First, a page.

I met Jennette Fulda, author of Half-Assed, at the BlogHer conference in San Francisco. I attended a session titled Blog to Book, and she was one of the panelists, having converted her weight loss blog, Half of Me, into this memoir. She was lovely, and I was happy to buy a copy of her book, ask her a few questions, and have her sign it for me.
She mentioned during the panel discussion that she read back through her archives three or more times in the process of putting together the book. This was good for me to hear – daunting, but realistic. I can do this, I can read back through my archives and begin piecing together a train of thought. One of my writing friends also suggested printing out pages of my essays and laying them out on the floor, visually organizing them into the structure of a book. This I can do, and seems to fit right into my visual/spacial need for organizing.
I think these two pieces of information put together will surely lead to a national best seller by me, don’t you think?
Anyway, back to the book. This is not a “how to lose weight” book. It’s not really even a “how Jennette lost weight” book. She purposely doesn’t mention which diet plan she used, how many calories she ate, or how many miles she ran – she didn’t want it to be about a magic formula. I mean, obviously she talks about her weight, and how she lost it, but it’s really more about the mental game and the discipline of losing the weight (which took two years, by the way).
She writes about how she felt being fat, both mentally and physically, and how she felt as she got thinner. She writes about the struggle to remain on track, while at the same time allowing for flexibility, like eating cake at a wedding. She writes about how she changed more than just the numbers on the scale, how she became a different person altogether – a person she admired and respected.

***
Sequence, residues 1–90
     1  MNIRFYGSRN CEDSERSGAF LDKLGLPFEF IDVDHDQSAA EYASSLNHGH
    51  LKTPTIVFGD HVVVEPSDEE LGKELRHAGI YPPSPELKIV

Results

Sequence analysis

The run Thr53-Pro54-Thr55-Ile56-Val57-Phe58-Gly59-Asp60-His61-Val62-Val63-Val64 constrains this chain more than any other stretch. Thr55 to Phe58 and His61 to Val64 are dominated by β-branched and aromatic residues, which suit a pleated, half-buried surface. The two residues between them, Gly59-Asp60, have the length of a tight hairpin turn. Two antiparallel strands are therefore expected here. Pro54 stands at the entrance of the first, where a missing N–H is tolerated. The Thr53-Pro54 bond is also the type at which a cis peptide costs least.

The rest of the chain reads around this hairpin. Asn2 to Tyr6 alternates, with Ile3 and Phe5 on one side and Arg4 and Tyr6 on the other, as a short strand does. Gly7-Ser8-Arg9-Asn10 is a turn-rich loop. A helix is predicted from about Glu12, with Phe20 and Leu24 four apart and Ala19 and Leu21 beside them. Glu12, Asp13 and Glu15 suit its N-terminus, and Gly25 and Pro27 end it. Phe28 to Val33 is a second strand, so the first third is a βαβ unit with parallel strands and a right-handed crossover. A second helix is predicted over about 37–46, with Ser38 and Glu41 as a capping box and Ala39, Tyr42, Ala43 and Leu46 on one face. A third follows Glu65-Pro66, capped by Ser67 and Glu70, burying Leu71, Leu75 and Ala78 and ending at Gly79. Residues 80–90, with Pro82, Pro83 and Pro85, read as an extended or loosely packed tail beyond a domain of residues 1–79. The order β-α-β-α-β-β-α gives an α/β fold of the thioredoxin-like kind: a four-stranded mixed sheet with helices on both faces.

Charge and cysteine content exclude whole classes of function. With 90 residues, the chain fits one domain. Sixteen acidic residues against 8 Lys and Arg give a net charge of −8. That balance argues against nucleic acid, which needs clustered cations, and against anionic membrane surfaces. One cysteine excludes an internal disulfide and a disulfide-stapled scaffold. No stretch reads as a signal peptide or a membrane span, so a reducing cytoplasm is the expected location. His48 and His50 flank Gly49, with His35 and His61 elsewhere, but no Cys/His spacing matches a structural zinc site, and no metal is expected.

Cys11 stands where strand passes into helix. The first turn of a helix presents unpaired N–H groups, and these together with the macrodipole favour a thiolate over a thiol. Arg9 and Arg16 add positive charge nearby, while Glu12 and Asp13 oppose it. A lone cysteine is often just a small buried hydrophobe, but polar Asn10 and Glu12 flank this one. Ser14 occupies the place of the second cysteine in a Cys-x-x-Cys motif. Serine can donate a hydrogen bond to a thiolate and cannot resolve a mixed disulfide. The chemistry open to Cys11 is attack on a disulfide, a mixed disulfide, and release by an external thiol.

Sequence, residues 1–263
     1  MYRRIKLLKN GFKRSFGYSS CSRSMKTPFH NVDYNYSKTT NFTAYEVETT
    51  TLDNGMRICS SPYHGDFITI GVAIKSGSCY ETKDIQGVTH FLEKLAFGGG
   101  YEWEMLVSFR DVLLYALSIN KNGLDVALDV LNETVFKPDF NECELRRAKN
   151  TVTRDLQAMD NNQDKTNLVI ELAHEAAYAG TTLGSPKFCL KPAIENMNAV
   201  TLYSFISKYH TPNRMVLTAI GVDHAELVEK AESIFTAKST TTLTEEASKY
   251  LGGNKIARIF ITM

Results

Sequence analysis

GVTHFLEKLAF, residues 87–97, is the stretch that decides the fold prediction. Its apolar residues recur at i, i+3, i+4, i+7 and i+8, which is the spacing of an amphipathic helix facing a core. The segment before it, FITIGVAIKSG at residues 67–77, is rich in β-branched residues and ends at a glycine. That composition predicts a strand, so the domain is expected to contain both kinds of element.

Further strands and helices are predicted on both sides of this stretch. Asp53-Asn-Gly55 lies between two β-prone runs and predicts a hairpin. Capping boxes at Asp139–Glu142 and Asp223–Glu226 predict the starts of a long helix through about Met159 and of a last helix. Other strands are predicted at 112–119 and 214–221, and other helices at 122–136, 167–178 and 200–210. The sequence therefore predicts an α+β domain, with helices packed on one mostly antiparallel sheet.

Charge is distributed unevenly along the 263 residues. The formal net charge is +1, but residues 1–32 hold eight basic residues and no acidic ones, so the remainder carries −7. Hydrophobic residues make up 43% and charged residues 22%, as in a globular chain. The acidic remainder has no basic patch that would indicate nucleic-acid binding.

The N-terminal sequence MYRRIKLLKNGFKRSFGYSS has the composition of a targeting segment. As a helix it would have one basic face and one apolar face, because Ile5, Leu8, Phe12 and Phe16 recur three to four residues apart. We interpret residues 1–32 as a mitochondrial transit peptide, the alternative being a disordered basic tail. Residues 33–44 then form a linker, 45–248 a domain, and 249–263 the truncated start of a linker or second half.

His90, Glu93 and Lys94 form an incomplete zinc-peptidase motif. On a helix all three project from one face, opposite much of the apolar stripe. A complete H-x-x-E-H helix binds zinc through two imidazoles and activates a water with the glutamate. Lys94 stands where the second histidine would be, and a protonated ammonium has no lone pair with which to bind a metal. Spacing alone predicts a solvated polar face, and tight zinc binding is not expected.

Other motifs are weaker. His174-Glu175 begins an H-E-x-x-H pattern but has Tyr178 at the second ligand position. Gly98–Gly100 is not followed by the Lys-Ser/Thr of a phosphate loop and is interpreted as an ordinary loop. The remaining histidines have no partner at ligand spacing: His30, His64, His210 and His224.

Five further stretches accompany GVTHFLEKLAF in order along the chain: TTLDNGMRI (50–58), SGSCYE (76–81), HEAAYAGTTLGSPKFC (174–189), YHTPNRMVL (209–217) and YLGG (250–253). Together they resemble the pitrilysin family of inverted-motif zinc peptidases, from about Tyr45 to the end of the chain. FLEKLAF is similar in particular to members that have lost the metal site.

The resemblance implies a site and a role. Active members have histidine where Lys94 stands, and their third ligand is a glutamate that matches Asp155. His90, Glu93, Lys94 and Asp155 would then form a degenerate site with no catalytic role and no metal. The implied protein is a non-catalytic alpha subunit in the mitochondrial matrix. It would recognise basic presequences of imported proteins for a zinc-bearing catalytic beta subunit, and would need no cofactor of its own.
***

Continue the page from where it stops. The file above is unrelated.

She writes about plateaus and set-backs from a review mirror perspective, almost blowing them off as incidental. I appreciated this. It puts into perspective the blip on a two year process. I’m sure at the time she was discouraged, but looking at it in retrospect reminds me that it’s important to stay on goal, because in the end you get through it if you just don’t quit.
She writes about making the choice between weight-loss surgery versus diet change and exercise. She was not opposed to the former, but felt in good conscience she needed to exhaust all her effort before going that route. She doesn’t judge people who do have surgery, by the way. In fact, she poo-poos on people who tell her she lost the weight the “real” way, and maintains its just a matter of choice based on what you know about yourself.
I think Jennette is a very brave person. After a lifetime of eating fast food she learned how to cook, and once she got the hang of that she started experimenting and trying new things. After a lifetime of taking shortcuts, she began parking at the back of the lot, and even rented an apartment on an upper floor just so she could incorporate more exercise into her life. Jennette took on a new lifestyle, and stuck to it. It meant changing all her habits, her mindset, her comforts.
She is like the alcoholic who finally hits rock bottom, gets sober, and never looks back.
I’m proud to have met her, and proud to recommend this book. Even if you don’t need to lose weight, this book is a must read for anyone who loves a good story about persevering and overcoming ourselves.
p.s. here’s a sneak peak at her weight loss photos.